John Calvin5 in his Institutes makes a distinction between two “worlds” of conscience. The reference is  to be found in Calvin’s Institutes, Book Ill, Chapter XIX, paragraph XV, where Calvin says concerning conscience: “Man is under two kinds of government…one spiritual, by which conscience is formed to piety and the service of God; the other political (or we might say, social, S.B.) by which a man is instructed in the duties of humanity and civility, which are to be observed in his intercourse (or relations), with mankind….The former species of government (the spiritual) pertains to the life of the soul, and the latter relates to the concerns of the present state (including such things as), clothing, enactment of laws to regulate man’s life among his neighbors by the rules of holiness, integrity and sobriety. For the former (the spiritual) has its seat in the interior of the mind, while the latter (the political or social) only directs the conduct. One may be termed a spiritual kingdom, and the other a political one.

“For man contains as it were two worlds, capable of being governed by various rules and various laws….These two always require to be considered separately, and while the one is under discussion, the mind must be abstracted from all consideration of the other” (Calvin). (The Apostle Paul is perhaps speaking similarly in Romans 7:19–24.)

It will be of use first to know what conscience is. The definition of it must be derived from the etymology of the word “conscience.” Calvin goes on to say that the “science” part of the word conscience is “to know, to have knowledge.” The “con” part means “with” or “in addition to.” “Their conscience bearing witness therewith, and their thoughts one with another accusing or else excusing them” (Rom. 2:15, 16).

“So, when they (that is sinful men, S.B.) have a sense of divine justice, as an additional tribunal of the supreme judge, that sense is called conscientia, conscience. For it is a kind of medium between God and man; because it does not suffer a man to suppress what he knows within himself, but pursues him until it brings him to conviction” (Calvin).

Modern psychiatry and modem determinism in education based on behaviorism, holds to the mechanistic view that each present psychological event is the inevitable result of some preceding act or event to which the person is conditioned, the result being an almost cause-and-effect relationship. The adult is almost a complicated robot fashioned by the child he used to be. We do not believe this is a true evaluation of man. It is the spiritual core of man that directed his personality development, often imperfectly and erroneously and even hostile to God in the natural man; more wholesomely and morally in God’s children, who in addition have the Spirit of God in a special sense, these often being very early conscious of a God-centered direction in life.

These have a consciousness, as the Heidelberg Catechism expresses it, that with body, mind and soul they are not their own but belong to their faithful Saviour, Jesus Christ. The very hairs of their head are numbered. “I will teach thee and guide thee with mine eye” God tells them in Psalm 32:8.

Likewise, there can scarcely be any doubt that all men after Adam and Eve’s fall go through the enrichment and broadening and natural development of their conscience, for we come into the world as babes. We, unlike our primal parents, Adam and Eve, have been born as babes through a birth canal and from birth onward we have had to have the bombardment of the drives and the instincts of the natural man. All our maturing years and our adult years we have exhibited our proneness toward that which is against God, our incapability of ourselves doing any spiritual good, our total depravity and our proneness toward all evil. It is only as God works in us that these things change. God does not operate the same way in all men.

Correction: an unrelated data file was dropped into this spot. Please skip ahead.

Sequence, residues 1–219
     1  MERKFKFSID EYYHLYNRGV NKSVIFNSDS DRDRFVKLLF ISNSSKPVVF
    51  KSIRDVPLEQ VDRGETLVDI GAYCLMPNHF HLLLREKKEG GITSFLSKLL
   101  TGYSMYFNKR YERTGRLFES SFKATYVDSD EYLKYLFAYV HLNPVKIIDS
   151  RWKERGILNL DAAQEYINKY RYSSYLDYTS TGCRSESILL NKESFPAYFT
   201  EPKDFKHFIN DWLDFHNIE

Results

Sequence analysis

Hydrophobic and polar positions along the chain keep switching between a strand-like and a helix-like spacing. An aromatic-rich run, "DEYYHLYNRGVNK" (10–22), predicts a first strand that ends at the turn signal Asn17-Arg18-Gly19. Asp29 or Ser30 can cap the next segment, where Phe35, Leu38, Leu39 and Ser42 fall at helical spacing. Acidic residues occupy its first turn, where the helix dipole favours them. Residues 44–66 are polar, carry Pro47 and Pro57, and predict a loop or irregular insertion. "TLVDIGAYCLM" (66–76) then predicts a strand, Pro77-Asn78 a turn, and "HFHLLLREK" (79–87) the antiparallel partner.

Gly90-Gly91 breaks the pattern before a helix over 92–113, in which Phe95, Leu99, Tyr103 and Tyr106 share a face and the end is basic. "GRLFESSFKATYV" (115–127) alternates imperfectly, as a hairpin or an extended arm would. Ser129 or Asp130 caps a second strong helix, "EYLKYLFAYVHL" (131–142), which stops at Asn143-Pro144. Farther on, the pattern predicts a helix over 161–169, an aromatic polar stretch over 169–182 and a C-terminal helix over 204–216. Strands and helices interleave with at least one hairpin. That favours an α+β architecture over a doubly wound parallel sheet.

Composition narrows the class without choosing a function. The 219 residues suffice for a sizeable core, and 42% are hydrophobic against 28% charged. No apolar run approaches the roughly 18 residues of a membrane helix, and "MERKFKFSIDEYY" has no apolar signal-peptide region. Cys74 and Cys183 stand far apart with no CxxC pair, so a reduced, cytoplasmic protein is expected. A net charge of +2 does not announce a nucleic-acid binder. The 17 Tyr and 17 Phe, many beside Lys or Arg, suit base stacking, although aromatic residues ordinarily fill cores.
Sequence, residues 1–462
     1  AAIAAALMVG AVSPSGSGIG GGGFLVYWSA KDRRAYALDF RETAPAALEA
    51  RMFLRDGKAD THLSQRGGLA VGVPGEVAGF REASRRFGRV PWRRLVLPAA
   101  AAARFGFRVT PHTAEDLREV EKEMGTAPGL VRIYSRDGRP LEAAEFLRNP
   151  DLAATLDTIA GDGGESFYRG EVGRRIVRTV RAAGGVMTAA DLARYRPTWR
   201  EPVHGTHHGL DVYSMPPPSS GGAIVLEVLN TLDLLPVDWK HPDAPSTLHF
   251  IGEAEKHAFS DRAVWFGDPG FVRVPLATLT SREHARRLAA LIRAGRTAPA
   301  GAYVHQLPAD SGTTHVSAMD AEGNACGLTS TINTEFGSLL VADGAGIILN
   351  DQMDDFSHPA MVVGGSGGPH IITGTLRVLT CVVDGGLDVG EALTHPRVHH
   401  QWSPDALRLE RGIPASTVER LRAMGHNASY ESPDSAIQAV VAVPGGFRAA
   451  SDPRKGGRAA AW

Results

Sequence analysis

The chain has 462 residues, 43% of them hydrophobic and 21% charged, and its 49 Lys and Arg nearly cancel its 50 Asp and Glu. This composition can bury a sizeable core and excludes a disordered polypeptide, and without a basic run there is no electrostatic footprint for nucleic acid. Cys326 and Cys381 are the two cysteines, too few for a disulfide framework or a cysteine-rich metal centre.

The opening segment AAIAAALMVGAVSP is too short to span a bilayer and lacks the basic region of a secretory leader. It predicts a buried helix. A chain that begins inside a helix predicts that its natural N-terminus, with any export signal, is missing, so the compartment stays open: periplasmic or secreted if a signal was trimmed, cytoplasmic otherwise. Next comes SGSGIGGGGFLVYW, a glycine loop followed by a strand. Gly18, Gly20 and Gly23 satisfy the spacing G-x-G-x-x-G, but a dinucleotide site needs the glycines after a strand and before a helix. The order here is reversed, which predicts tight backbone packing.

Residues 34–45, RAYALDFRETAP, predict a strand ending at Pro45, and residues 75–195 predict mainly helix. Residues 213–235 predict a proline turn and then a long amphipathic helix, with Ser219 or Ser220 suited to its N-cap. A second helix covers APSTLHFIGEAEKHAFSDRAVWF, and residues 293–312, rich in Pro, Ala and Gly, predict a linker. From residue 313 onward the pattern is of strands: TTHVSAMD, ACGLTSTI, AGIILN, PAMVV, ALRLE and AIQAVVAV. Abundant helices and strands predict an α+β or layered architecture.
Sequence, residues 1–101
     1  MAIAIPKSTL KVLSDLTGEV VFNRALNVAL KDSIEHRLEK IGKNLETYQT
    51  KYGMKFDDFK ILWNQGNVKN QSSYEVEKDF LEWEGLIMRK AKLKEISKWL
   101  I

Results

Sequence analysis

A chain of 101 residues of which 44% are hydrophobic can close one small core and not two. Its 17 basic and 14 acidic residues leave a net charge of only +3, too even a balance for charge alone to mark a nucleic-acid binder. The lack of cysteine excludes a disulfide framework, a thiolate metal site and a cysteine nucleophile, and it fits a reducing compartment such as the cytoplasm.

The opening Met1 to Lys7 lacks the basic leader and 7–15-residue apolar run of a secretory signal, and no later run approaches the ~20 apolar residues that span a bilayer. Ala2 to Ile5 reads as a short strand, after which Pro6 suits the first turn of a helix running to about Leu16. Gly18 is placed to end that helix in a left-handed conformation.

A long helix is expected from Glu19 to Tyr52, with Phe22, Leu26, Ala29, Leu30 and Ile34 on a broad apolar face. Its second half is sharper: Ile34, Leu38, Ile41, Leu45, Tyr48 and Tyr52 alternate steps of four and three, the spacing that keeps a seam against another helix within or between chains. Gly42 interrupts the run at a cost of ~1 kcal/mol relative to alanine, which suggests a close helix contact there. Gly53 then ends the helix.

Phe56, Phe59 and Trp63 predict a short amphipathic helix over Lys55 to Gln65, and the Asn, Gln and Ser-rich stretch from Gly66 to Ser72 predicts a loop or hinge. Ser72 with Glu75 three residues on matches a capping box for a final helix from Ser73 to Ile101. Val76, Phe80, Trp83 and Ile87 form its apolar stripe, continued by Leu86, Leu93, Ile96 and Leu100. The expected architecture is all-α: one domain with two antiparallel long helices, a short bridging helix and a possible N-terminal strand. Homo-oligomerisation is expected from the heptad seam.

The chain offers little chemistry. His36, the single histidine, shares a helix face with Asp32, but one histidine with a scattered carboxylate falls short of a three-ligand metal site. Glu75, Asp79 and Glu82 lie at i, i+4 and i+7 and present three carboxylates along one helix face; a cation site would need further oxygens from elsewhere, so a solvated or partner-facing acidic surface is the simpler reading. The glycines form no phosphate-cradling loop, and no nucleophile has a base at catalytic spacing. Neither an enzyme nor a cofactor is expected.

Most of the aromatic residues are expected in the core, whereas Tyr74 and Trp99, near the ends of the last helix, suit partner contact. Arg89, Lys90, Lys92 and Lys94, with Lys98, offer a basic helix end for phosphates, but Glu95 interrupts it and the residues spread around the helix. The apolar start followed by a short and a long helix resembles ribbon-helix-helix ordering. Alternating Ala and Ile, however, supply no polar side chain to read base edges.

The development of this conscience, this moral censor organ within us, no doubt depended on the moral counsels of our father and mother, our teachers, our preachers, the sermons we heard, the Bible we read, and was opposed by all the evil things we have seen in life, the pornography and salacious literature and lascivious images. We thus further developed, just as a result of living in this world, this internalized code of morals. But again we maintain that this development was directed by a spirit in man and the Divine Spirit.

(Conclusion in next issue)


1. Ethics In A Christian Context, hy Paul Lehmann. Harper & Row, publishers, 1963. Address; 49 E. 33rd Street, New York 16, New York.

2. MoroIs Medicine, by Joseph Fleteher, Professor of Pastoral Theology and Christian Ethics, Episcopal Theological School in Cambridge, Mass. The Princeton University Press, Publishers, 1954. Address: Princeton, New Jersey.

3. A General Introduction to Psychoanalysis by Sigmund Freud, page 344.

4. A Commentary of the Old, by Jamieson, Faussett and Brown, Vol. VI, page 234 under verse 23, regarding “different” law.

5. Calvin’s Institutes, Book III, Chapter XIX, paragraph XV.

6. Proceedings of the Colloquium on Medical Ethics, The Lutheran Academy for Scholarship, 801 De Mun Avenue, St. Louis 5, Missouri.

7. The Ethical Basis of Medical Practice, by Willard L. Sperry. Paul B. Hoeber, Inc., c/o Harper & Brothers, 49 E. 33rd St ., New York 16, N. Y.

8. Principles of Medical Ethics. The American Medical Association, 535 North Dearborn 51., Chicago, Illinois 60610.

9. Christianity Today, Volume X, Number I, pp. 19–23, October 8, 1965. Article “Have Psychiatry and Religion Reached a Truce?” by Orville S. Walters, psychiatrist, Ph.D., M.D.

10. Christianity Today, July 2, 1965, page (1015)3–(1018)6 —“Psychotherapy and Spiritual Values,” panel discussion.

11. Cruden’s Concordance, Alexander Cruden, M.S. See under “Conscience.”

12. Quotations from Psychoanalysis and Faith, The Letter.; of Sigmund Freud and Oskar Pfister, translated by Eric Mosbacher, Basic Books, Inc., Publishers, New York, 1963. pp. 109–110; 112–113; p. 63.

13. Foundations for Reconstruction, by Elton Trueblood. Chapter XI, pp. 66–69 ( Revised Edition ) 1961. Harper & Brothers, Publishers, New York.

Dr. Stuart Bergsma, chief of staff at Pine Rest Christian Hospital and thoroughly at home in both medicine and psychiatry because of his rigid training and large experience, is eminently capable of presenting a Christian confrontation to his field and the problems which must be met there. He focuses the reader’s attention especially on “conscience” and the related issues of anxiety and guilt.